Throughout 2017, as the use of drones continued to increase, the FAA set forth various bans on flights in specific areas. Drone flights aren’t permitted over 133 U.S. military facilities. Flights over places such as the Pentagon and other military bases are strictly prohibited and will result in the drones being shot down as a safety precaution. For safety purposes, drone flights over many landmarks are also illegal. Pilots may not fly drones over 10 U.S. landmarks, which include the Statue of Liberty in New York and Mount Rushmore National Memorial in South Dakota.

Not surprisingly, the flights of drones are banned at many landmarks that are common tourist attractions. This is to keep the public safe. Areas that have also made the list of drone no-flight zones include: the Gateway Arch in St. Louis, Glen Canyon Dam in Arizona, Hoover Dam in Nevada, the USS Constitution in Boston, Grand Coulee Dam in Washington, and Independence National Historical Park in Philadelphia.

The FAA is taking the measures needed to ensure that drone pilots respect the safety of the public as well as the privacy of our military and nuclear facilities. As the U.S. begins to also take steps to ensure drones are registered and their owners/pilots are easily identifiable, laws that are in place will be more likely to be abided by. With fear of fines as well as possible jail time, drone pilots will follow flight laws as closely as drivers follow the rules of the road.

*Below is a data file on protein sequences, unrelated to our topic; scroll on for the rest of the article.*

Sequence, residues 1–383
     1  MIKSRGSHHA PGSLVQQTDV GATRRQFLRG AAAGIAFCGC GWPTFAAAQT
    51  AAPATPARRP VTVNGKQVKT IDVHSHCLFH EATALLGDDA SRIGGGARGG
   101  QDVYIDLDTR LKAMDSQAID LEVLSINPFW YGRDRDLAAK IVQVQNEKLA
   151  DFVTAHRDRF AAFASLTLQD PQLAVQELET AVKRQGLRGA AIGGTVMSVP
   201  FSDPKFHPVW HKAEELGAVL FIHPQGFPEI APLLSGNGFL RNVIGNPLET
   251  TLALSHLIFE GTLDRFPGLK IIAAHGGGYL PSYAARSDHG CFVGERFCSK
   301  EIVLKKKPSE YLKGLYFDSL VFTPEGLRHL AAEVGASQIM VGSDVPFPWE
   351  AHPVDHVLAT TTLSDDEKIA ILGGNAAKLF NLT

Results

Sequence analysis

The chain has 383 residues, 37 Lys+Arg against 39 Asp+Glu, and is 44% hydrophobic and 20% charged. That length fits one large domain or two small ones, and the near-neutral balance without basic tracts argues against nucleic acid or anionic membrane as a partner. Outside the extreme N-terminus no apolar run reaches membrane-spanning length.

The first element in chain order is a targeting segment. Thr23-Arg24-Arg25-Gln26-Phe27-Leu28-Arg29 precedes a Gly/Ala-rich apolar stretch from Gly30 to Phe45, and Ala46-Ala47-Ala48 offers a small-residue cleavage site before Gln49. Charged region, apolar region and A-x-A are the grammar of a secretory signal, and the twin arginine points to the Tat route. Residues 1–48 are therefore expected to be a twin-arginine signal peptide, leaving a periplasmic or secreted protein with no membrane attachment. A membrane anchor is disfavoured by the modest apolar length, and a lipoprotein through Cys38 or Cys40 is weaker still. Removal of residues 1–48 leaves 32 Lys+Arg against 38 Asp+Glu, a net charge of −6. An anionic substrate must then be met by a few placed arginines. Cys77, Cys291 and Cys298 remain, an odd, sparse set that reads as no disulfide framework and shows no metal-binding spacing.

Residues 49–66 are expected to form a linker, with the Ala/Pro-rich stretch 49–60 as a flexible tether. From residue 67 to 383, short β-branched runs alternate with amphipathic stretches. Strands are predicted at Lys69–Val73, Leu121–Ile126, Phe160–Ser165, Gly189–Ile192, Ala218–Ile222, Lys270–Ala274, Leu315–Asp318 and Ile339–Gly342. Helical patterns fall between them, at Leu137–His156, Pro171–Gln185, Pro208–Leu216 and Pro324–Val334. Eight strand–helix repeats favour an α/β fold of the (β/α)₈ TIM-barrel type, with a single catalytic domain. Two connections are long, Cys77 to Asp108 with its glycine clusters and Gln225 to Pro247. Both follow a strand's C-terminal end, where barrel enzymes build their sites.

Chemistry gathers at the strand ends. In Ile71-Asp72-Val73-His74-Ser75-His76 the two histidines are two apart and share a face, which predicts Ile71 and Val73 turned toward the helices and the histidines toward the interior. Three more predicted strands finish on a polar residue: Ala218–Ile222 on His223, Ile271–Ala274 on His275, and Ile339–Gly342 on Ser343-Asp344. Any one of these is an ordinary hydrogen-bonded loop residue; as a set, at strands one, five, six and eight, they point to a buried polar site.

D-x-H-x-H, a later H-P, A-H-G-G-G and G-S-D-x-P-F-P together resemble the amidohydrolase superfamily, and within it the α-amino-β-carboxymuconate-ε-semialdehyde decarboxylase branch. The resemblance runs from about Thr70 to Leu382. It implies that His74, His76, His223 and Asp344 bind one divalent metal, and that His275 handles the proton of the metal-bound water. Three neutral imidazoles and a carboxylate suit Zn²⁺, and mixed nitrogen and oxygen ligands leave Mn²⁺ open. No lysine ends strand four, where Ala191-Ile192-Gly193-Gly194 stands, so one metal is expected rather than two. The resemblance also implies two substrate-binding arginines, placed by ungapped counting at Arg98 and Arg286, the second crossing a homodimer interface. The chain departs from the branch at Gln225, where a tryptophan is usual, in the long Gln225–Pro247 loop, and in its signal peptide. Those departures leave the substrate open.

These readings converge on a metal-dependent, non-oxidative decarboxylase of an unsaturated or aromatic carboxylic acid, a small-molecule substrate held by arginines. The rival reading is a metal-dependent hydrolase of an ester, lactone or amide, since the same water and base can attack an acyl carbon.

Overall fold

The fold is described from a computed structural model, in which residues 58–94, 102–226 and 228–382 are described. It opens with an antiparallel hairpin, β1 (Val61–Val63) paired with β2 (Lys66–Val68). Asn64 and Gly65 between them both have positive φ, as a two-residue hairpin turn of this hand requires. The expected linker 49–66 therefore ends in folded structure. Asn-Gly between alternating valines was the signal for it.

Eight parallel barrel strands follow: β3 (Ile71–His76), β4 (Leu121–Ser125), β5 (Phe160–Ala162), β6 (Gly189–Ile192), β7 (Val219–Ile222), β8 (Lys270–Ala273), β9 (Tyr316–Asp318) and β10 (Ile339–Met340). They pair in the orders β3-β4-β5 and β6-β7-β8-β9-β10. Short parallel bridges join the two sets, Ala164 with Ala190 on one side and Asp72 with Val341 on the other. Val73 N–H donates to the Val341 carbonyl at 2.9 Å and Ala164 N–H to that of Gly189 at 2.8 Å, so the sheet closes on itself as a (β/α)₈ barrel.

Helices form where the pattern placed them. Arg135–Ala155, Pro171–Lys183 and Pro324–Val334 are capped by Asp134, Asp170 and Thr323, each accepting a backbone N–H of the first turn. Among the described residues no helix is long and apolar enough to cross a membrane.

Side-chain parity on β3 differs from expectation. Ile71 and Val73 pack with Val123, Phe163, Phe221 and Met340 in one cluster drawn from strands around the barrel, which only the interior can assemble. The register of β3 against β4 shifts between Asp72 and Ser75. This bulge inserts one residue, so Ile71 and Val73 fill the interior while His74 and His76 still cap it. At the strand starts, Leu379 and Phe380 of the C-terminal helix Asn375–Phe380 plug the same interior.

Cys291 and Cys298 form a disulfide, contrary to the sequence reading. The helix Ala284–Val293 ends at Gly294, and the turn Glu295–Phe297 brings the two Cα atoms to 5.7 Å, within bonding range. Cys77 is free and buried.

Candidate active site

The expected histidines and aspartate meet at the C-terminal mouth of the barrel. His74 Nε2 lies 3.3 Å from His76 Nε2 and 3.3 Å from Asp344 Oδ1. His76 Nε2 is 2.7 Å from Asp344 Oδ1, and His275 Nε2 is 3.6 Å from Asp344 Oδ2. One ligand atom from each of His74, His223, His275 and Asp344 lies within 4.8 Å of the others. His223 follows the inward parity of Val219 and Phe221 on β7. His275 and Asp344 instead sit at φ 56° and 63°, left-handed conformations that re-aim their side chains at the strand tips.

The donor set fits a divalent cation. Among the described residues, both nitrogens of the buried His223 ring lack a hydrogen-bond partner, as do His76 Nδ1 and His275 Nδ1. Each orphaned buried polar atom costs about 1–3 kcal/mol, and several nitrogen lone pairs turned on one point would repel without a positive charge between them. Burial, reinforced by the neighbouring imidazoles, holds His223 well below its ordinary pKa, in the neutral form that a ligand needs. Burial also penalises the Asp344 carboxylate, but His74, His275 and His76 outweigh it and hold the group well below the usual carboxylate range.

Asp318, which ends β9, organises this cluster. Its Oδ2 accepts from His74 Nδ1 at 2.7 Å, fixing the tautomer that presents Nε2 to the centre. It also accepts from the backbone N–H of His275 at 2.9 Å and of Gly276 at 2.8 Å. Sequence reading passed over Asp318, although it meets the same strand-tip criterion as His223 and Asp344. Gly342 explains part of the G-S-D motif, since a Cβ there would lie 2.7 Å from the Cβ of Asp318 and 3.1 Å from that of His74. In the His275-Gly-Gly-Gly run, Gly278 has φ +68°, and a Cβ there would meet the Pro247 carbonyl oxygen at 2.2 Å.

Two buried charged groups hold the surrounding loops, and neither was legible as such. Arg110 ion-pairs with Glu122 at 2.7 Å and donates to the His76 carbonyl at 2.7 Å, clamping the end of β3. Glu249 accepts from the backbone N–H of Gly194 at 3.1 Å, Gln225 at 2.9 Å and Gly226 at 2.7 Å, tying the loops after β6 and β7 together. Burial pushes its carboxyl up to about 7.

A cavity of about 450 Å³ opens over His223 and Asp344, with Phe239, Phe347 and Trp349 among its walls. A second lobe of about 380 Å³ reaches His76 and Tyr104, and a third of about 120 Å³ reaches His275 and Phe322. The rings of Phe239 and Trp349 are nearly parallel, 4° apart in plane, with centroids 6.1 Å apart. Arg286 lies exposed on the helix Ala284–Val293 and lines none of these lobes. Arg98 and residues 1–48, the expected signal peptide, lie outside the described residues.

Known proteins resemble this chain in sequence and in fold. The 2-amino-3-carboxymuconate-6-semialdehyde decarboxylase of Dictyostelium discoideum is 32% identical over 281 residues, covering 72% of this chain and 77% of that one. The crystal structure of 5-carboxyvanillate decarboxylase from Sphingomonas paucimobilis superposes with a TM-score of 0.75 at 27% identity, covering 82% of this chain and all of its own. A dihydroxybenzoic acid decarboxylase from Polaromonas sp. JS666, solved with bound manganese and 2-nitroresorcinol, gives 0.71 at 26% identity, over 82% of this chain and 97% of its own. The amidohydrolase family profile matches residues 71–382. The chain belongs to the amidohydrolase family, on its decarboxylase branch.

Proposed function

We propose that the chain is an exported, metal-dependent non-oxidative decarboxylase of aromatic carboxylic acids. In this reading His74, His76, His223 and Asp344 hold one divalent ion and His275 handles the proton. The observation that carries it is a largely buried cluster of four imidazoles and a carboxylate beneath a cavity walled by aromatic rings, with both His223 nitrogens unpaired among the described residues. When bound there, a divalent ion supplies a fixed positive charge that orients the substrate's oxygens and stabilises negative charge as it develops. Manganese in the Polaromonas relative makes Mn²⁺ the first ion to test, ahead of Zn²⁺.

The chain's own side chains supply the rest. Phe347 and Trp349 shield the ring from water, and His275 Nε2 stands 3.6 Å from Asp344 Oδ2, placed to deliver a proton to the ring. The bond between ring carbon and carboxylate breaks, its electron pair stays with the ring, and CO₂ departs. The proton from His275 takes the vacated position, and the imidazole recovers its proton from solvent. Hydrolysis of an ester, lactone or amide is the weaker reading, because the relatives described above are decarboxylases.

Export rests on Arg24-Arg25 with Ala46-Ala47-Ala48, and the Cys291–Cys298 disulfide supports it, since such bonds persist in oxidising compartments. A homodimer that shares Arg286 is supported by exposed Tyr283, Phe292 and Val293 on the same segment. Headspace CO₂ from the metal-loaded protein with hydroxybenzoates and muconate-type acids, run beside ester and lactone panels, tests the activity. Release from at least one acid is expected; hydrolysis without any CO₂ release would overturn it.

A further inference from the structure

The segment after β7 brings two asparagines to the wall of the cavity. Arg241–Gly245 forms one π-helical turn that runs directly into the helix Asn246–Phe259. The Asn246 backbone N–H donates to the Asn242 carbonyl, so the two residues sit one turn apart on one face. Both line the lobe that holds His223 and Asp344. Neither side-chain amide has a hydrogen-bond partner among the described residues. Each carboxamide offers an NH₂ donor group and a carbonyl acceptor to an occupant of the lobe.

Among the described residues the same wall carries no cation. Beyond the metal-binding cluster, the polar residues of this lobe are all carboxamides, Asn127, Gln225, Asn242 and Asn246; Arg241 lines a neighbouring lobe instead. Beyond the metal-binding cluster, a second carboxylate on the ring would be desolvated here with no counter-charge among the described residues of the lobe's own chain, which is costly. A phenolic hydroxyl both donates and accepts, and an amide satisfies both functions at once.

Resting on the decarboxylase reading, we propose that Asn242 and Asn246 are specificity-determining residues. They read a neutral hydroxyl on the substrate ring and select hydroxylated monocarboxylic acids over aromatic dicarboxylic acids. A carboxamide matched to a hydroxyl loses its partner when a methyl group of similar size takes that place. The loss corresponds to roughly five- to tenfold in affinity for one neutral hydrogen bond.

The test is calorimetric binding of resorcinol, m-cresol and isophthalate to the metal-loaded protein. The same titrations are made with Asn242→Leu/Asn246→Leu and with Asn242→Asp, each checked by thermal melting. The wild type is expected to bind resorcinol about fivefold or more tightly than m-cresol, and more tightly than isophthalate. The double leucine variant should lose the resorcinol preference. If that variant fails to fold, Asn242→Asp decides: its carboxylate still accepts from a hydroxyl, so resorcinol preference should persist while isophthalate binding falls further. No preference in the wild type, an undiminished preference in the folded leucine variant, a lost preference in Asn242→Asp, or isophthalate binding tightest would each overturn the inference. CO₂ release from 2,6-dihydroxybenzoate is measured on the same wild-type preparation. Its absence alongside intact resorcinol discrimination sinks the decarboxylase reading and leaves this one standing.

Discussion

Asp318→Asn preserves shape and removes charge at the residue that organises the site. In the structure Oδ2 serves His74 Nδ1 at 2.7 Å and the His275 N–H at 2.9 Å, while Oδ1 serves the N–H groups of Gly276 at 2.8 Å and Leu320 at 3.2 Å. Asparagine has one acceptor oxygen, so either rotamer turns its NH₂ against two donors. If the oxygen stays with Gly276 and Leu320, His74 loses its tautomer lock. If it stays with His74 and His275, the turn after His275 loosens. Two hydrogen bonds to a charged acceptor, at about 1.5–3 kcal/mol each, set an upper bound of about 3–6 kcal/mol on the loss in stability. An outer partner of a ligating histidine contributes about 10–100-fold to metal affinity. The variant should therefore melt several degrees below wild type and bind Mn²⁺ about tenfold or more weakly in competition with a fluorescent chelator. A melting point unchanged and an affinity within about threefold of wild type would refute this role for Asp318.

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FAA Bans New Sites for Flying Drones was originally posted at https://www.dronethusiast.com/faa-bans-new-sites-flying-drones/ by

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$1,000 is Up for Grabs Every Week – AirVuz Drone Video of the Week Contest!

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AirVuz is the top spot for drone videographers to show off their work.  Show off your best with a chance to win $1,000 every week in the AirVuz Video of the Week contest!